It was one of our early dates. I’d driven out to Buffalo to spend at least a day and a night with Tina. Her mom was staying with Scott down in Farmington so we had the apartment to ourselves for the night.
Tina didn’t seem to have much explored her environs and wasn’t sure where the nearest bars and restaurants might be. I’d previously identified a couple in the area, but they weren’t in easy walking distance. Since the old Buffalo Hotel that served as Tina’s home was in the historic downtown, I was pretty sure we were overlooking some nearby entertainment and I was determined to find it.
We decided to go for a walk. It had rained recently and it was humid. The sidewalks still had a sheen of water. Central Avenue had been under seemingly perpetual construction and wasn’t yet paved. Dump trucks had recently poured tons of leveling sand. I told Tina, who was weary of the project, that sand was a good sign. Concrete would soon follow, I assured her.
She wasn’t convinced. “They already did this before. Then they tore it all up and started over.”
Tina had boots on and I was wearing casual shoes, so we decided to directly cross the construction zone, but quickly realized our mistake when Tina took a step and sank to her knee in the damp, lose sand. Tina was stuck and as she struggled to free herself, she only became more mired. It was quicksand! By the time I was 44 years old, I was pretty well disabused of the notion that quicksand was ever going to be a potential hazard in my life, yet here it was.
I found a plank nearby and situated it behind Tina so I could stand on it and get firmer footing to pull Tina out of the morass without sinking into it myself. The rescue effort was successful and Tina threw her arms around me, proclaiming me her hero. I didn’t realize the significance of the moment at the time.
We circumnavigated the treacherous main street and continued our adventure, exploring the town together. We found a place Called BJs to get sandwiches for lunch. We’d made an effort to brush the wet sand off, but apparently not enough of one. I was a bit embarrassed when we left the deli and I noticed a considerable amount of sand on the floor under the table we’d been sitting at.
Google maps seemed to indicate there was a bar right there, too, but it was well-hidden and we didn’t discover the infamous dive that would become part of our mornings until some time later.
Tina showed me where the cinema was and we checked out a couple shops. Later that evening, we ended up driving up the highway to Norm’s Roadhouse to shoot some pool and have some drinks.
When we returned to the apartment, Tina brought up the quicksand rescue again. “Have you ever seen the Princess Bride? Or read it?”
“I’ve never read the book, but it’s one of my favorite movies,” I told her. “Have fun storming the castle!” I quoted Billy Crystal from the film.
“I don’t know if we have any rodents of unusual size in Buffalo, but I didn’t know we had quicksand, either. You rescued me just like Westley rescued Princess Buttercup. You’re my Westley,” she declared.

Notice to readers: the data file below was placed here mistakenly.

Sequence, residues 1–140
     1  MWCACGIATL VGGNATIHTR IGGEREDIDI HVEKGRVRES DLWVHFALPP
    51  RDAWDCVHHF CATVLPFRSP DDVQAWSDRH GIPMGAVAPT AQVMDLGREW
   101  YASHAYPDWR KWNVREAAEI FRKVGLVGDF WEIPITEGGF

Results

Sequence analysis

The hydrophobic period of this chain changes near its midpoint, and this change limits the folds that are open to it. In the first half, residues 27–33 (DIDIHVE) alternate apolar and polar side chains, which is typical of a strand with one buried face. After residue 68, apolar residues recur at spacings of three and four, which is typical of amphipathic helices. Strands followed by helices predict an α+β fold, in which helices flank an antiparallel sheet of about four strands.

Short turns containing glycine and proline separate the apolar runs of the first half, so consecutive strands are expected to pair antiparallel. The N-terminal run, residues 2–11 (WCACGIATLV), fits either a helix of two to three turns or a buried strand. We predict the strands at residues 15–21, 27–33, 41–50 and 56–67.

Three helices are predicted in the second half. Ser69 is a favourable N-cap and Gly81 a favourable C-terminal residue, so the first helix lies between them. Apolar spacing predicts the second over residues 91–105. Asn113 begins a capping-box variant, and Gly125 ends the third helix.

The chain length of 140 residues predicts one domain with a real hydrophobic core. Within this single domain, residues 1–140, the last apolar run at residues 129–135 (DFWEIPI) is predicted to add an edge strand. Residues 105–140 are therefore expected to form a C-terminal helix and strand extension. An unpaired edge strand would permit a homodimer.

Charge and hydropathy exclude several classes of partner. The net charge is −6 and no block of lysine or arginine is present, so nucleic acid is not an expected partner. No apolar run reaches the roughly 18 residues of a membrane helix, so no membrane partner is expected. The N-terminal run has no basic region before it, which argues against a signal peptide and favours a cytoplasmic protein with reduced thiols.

In the earlier days of our relationship, sleeping together in the actual bed in the actual bedroom in Buffalo was still an option (before we became relegated to the futon, ostensibly due to perpetual clutter on the bed) and we smoked cigarettes and drank whiskey and made love in the dark little room. I believe that was the first time Tina told me she loved me. “I think I’m falling in love with you,” she said.
Amazingly, I felt the same. I wanted to spend every possible minute with her. I thought she’d be put off if I’d admitted the depth of feelings I felt growing for her so very early on, but was able to reciprocate once she kicked that door open.
“Well, you know,” I began, “I was thinking something along those lines, myself.” I paused for the briefest consideration before plunging head-first. “Tina Mary Szxxxxxski, I love you, too.”
The euphoria in that room was off any chart, meter, scale or theoretical state.
Maura came back to the apartment the next day and Tina was enthused to tell her mom about how I’d rescued her from quicksand and pointed out the shelf I’d put up for her the day before. She was beaming with pride and adoration. It occurred to me later what a coincidence it was that she’d previously mentioned getting stuck in quicksand as a metaphor for becoming engrossed in a story.
From then on, Tina often referred to me as her Westley, which I just took to mean “true love,” but I was missing something. Westley never denied his Buttercup anything. His response to even her most outrageous demands or abuses was always “as you wish.”
Like Westley for his Buttercup, I indulged my Tina anything. That made me perfect supply for a narcissist, but I was blissfully unaware of the quicksand I was becoming entrapped in, myself. At that point, Tina was still in the early stages of idealizing and love-bombing me. I remember around that time, commenting on how much I was enjoying our time together and Tina shot back wistfully, “It’s always great in the beginning.” She went on to warn me about what a terrible person she was, which I found laughably absurd – she was delightful! “Just wait,” she said. “You’ll find out.”
Even then, I think she knew exactly how our relationship was going to play out. She’d probably been through the cycle many times before she ever met me. Idealize-Devalue-Discard. She was probably in different points of that cycle with different sources of supply even as she was building me up as her perfect savior and one true love, but on that weekend, I got to be the hero. I was loved and adored. That’s all I could see at the moment.